Women. Power. Peace.

A Brief History

It was a (somewhat) different world in the early 1980s, a world that was fertile ground for organizing. WAND has its roots firmly in that time. The nuclear arms race was spiraling out of control, and the specter of a nuclear disaster was dark, real, and terrifying.

Dr. Helen Caldicott, a physician from Australia and expert on nuclear disarmament, traveled the world, speaking to this fear, and galvanizing citizens to action. When she did so, she was often greeted with the response: “We must start a women’s party!” And so Helen, who came from a country with a multi-party system, founded the Women’s Party for Survival.

However, the new party, organized around a kitchen table in Cambridge, MA, quickly realized they could not take on the entrenched two-party American system. Instead, the party morphed into WAND -- just as the Reagan administration began rattling its sabers and wildly increasing military spending.

In the beginning, the organization was small and run by volunteers. However, the demand was great: thousands upon thousands of outraged U.S. citizens believed that the very future of the planet was being threatened by the arms race. The organization moved to become larger and more professional, and to both educate on policy choices and lobby to make policy.

WAND was structured as two sister organizations: one educational and supported by tax-deductible contributions, the other political and supported by dues from its members. Eventually, a third program - WAND PAC- was born. The Board of Directors realized how important it was to endorse candidates and raise money for their campaigns (In the 1980s, as few women were running for Congress, most of the money went to men. With a dramatic shift in the numbers of women running for Congress in the 1990s, the PAC decided to give to WAND and WiLL members running for Congress.).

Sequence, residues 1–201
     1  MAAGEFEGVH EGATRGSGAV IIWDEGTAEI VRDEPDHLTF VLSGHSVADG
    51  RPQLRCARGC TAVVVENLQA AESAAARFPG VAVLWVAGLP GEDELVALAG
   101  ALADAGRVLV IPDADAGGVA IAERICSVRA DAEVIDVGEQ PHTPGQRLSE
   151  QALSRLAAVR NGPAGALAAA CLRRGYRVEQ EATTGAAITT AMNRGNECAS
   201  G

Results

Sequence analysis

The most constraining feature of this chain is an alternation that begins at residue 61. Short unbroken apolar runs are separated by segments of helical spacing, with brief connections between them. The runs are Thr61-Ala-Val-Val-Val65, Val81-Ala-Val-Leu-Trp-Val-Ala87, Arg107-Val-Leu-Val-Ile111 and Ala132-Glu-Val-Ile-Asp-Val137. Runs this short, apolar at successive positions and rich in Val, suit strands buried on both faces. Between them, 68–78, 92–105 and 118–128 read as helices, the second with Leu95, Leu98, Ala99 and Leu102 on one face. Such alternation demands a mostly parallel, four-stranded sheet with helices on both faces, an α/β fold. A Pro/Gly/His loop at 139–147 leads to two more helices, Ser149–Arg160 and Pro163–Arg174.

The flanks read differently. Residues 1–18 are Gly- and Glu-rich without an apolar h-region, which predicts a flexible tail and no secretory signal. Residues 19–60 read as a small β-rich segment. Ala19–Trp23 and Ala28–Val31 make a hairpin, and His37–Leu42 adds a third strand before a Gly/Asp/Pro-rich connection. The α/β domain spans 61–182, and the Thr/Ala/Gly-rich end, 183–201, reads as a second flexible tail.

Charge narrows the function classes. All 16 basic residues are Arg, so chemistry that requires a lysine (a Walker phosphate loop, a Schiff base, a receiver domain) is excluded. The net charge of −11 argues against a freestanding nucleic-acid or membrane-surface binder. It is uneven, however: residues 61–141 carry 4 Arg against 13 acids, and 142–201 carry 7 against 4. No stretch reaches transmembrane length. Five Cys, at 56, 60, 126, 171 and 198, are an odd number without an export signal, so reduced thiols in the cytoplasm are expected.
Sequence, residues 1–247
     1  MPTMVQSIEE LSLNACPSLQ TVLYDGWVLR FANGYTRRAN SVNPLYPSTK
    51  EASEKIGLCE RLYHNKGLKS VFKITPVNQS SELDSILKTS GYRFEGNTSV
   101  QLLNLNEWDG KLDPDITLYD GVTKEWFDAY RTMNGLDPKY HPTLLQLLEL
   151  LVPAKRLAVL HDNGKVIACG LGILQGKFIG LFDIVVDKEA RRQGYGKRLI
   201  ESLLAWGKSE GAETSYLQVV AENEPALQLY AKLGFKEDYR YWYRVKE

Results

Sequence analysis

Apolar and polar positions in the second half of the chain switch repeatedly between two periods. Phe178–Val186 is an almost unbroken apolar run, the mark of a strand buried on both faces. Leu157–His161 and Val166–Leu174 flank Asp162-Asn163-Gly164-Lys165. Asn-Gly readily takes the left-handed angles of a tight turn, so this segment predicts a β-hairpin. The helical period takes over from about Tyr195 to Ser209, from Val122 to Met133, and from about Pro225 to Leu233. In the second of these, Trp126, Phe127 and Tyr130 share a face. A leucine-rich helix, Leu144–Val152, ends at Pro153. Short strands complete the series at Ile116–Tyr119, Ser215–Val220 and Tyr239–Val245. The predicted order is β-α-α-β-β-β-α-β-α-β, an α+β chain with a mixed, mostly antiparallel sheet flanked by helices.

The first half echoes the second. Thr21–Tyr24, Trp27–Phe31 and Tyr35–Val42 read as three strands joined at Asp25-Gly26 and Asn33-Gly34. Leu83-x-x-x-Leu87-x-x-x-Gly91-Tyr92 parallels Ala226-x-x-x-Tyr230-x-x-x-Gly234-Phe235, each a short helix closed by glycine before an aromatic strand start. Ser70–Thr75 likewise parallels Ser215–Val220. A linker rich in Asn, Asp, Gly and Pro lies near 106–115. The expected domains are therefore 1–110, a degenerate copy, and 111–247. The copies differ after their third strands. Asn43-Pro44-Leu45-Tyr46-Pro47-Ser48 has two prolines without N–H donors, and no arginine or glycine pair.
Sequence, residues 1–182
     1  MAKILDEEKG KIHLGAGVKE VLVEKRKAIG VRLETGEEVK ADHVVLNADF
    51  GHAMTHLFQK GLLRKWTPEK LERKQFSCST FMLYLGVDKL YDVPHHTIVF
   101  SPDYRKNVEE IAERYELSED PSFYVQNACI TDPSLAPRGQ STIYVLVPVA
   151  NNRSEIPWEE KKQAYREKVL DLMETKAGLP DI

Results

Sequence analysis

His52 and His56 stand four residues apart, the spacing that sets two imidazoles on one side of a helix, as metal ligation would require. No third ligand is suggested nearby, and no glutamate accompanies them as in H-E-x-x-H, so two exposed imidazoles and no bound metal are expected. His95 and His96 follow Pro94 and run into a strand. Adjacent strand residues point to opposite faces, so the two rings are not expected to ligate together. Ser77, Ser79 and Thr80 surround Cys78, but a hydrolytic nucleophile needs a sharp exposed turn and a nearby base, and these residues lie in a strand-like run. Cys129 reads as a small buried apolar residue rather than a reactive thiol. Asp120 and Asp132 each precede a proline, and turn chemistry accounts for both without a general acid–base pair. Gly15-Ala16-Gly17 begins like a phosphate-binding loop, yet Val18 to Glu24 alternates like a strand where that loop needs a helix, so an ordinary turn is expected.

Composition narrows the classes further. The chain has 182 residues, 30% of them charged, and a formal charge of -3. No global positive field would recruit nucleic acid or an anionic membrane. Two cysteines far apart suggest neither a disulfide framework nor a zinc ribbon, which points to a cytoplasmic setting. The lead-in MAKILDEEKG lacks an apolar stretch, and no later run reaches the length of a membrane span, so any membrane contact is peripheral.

For years, it was a heady time for the organization. Helen, a charismatic speaker, regularly appeared on major TV programs (e.g., Phil Donahue’s show), often with well-known celebrities (e.g., Meryl Streep). When she did, letters poured in by the thousands. Outraged, citizens begged Helen and WAND to do something. Helen traveled the country, and thousands of volunteers rallied. The Peace Movement and the Nuclear Freeze historically played a role in the end of the MX missile, and forced nuclear disarmament summits.

In 1985, WAND opened its Washington, DC office, forging a link between the grassroots and Congress. Today, WAND is a major presence within the peace and security community on Capitol Hill, firmly established in both the peace and women’s communities.

In 1991, after the Cold War had wound down, the climate had changed enough so that WAND changed its name to Women’s Action for New Directions. The name brought with it a broadened mission: world peace and security, nuclear disarmament, and redirecting excessive military spending toward human and environmental needs.

As the peace movement dwindled, WAND wisely recognized the need to create a different kind of grassroots organization, and reached out to women state legislators. Most women Members of Congress come from state legislatures. WiLL, the Women Legislators’ Lobby, is a national, non-partisan network of women state legislators who work together to influence federal policy and budget priorities. In 2003, we founded Trailblazers, a network of former legislators whose contacts and influence continue to have an impact on national priorities and foreign policy issues.

From 1999-2007, Students Taking Action for New Directions (STAND) worked with WAND and aimed to harness and direct the enormous energies and potential of young women activists. It was created by 13 young women at the biennial WAND/WiLL national conference

For the past few years, WAND has been broadening its circle and building on relationships with organizations that care about similar issues. We have established partnerships with organizations that care about human and environmental needs. We have forged coalitions with organizations that have struggled to prevent and stop the war in Iraq. The peace movement has gathered new strength, and WAND is there to lend expertise and experience.

Today, WAND is well known as a force to be reckoned with: professional, knowledgeable, relentless.

By Sayre Sheldon
October 2004


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